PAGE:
Last time I looked, a nun's habit does not cover the face. It is the covering of the face, which makes identification impossible, that is given as the main reason for the ban. Also, this law was the will of the majority of French citizens, and the fact is that in any democracy, the will of the majority of citizens is what carries the day. It's not fair to the minority, but then life is not fair. The Muslim community is under attack because of the acts of terrorists who use Islam as an excuse to act like criminals. That's not fair either. Life isn't fair. I hope we find a way to meet the needs of the community to identify citizens and still allow the women of Muslim faith to cover their faces to show their faith. I don't see a way for that to happen, but it's a goal worth working for. Until then, the law of France is the law of France and if people want to enjoy the privileges of being a French citizen, they have to obey the laws. Hopefully, there will come a time when the majority of French citizens no longer feel the need to ban the burqa. But for now, this is the law, and if you can't follow it, move.

      April 11, 2011 at 5:12 pm |
  11. kayinde

    I didn't say that all Muslims were bombers but a very high proportion of bombers are Muslim. The burqa is used to hide criminal activity. I have been told that in Delaware County, PA jails, the corrections officers are not allowed to search women in burqas the way they search non-Muslim visitors. The search is intrusive – opening baby diapers, putting hands down women's pants and bras – but not to this religious group, who take advantage of it to smuggle contraband. I live in an area with a large Muslim population and have been subjected to hate crimes by them – when reaching for an item at my local Save-A-Lot, a woman in a burqa began yelling and calling me a demon because I had blue eyes. I expect to be able to shop at a grocery store in the United States without being threatened by Muslims because I have blue eyes; I expect that ANYONE entering a prison be subjected to the same rules of search, and I expect that governments act to protect us from terrorists and extremist fanatics.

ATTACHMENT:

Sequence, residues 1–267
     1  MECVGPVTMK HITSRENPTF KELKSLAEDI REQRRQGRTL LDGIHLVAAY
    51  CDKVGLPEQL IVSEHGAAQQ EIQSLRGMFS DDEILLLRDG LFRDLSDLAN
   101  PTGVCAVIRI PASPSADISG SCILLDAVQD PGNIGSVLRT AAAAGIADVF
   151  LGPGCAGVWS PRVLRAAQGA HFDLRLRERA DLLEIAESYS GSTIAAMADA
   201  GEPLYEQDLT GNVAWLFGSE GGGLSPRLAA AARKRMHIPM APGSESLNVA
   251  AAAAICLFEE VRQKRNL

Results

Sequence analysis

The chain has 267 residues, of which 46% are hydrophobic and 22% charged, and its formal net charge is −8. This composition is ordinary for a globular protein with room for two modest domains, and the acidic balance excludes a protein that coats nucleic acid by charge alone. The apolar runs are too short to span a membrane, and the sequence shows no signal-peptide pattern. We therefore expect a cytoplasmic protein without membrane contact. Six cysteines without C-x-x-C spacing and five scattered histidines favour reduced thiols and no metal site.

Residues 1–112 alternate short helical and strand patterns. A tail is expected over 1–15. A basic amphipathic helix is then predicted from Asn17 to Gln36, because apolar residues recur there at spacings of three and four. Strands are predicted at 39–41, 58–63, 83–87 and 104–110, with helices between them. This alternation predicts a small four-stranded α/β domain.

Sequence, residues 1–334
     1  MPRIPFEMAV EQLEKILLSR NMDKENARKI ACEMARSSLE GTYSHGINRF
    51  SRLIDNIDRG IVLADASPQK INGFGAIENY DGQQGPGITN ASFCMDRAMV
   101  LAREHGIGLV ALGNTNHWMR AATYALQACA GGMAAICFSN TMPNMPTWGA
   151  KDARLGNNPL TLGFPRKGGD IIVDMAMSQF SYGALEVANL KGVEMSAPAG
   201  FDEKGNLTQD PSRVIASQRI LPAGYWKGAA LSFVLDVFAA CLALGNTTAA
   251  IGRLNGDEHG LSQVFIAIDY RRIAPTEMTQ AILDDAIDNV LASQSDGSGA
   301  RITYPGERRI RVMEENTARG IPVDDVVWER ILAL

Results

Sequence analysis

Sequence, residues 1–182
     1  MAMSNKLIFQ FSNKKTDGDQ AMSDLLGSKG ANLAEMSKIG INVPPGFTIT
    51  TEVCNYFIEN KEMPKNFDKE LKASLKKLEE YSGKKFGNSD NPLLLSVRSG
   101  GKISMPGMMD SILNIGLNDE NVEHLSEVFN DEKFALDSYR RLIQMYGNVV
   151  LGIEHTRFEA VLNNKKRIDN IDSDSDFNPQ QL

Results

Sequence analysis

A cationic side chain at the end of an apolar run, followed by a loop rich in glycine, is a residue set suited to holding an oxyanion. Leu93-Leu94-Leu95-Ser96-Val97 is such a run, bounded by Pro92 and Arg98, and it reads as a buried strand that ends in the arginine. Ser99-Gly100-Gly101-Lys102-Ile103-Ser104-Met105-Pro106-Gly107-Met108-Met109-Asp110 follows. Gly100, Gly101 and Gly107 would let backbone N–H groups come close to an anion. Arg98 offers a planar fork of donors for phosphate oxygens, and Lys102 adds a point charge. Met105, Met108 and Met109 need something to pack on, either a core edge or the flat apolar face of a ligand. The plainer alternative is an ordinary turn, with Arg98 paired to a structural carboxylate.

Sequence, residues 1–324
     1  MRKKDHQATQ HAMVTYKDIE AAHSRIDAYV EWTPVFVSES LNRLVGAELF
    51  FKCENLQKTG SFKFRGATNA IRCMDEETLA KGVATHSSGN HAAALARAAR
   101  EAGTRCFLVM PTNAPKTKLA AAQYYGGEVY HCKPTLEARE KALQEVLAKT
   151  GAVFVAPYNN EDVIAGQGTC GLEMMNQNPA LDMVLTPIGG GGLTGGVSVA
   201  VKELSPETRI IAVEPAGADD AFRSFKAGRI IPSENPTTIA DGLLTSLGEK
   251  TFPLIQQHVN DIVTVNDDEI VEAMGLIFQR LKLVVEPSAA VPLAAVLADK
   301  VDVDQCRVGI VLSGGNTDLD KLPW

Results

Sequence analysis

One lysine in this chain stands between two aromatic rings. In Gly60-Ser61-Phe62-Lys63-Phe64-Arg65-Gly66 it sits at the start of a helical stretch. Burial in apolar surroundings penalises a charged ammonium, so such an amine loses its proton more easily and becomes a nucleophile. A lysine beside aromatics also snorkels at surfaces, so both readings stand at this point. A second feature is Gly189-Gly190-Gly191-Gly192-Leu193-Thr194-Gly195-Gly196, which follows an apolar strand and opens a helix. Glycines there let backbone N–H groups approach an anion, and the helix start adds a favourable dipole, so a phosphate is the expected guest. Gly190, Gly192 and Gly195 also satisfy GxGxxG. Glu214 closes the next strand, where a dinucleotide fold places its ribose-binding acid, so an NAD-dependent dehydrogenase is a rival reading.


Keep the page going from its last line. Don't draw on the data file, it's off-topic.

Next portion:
April 11, 2011 at 4:48 pm |
    • strongbadia1765

      I certainly agree that prisoners should be subjected to the same search regulations as anyone else in order to ensure the safety and security of our prisons. However, I would appreciate it if you cite a reference... as that might be more based on hearsay than actual fact (I don't deny, but I would like some proof).